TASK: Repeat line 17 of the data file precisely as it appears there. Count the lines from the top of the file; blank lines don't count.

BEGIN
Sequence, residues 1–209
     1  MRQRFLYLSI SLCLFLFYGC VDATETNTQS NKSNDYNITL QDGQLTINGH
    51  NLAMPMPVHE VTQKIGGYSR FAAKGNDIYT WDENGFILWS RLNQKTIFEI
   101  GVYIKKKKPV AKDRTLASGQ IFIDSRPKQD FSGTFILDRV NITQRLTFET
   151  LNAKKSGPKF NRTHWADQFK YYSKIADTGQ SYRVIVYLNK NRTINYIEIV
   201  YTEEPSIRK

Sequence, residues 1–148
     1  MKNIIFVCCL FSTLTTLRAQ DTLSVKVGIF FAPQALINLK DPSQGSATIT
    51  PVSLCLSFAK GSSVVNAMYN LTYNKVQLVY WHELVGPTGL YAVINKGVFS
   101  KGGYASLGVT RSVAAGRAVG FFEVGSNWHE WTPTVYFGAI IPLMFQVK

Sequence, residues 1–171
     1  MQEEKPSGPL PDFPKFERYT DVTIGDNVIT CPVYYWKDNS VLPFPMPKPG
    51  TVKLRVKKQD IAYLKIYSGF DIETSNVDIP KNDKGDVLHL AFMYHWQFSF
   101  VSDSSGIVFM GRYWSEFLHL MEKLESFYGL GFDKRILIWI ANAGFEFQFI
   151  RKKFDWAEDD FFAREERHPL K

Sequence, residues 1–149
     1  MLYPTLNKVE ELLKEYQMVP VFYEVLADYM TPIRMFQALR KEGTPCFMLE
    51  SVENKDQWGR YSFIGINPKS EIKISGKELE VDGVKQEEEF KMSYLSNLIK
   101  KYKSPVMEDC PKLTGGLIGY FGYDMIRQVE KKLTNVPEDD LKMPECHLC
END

     1  MLYPTLNKVE ELLKEYQMVP VFYEVLADYM TPIRMFQALR KEGTPCFMLE